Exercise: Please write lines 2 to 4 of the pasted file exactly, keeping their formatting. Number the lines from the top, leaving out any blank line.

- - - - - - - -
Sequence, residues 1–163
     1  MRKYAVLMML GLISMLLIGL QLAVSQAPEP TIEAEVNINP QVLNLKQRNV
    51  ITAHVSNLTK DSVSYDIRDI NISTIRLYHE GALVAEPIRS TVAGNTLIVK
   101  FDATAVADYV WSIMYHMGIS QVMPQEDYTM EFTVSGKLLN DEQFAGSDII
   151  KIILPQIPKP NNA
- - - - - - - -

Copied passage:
     1  MRKYAVLMML GLISMLLIGL QLAVSQAPEP TIEAEVNINP QVLNLKQRNV
    51  ITAHVSNLTK DSVSYDIRDI NISTIRLYHE GALVAEPIRS TVAGNTLIVK
   101  FDATAVADYV WSIMYHMGIS QVMPQEDYTM EFTVSGKLLN DEQFAGSDII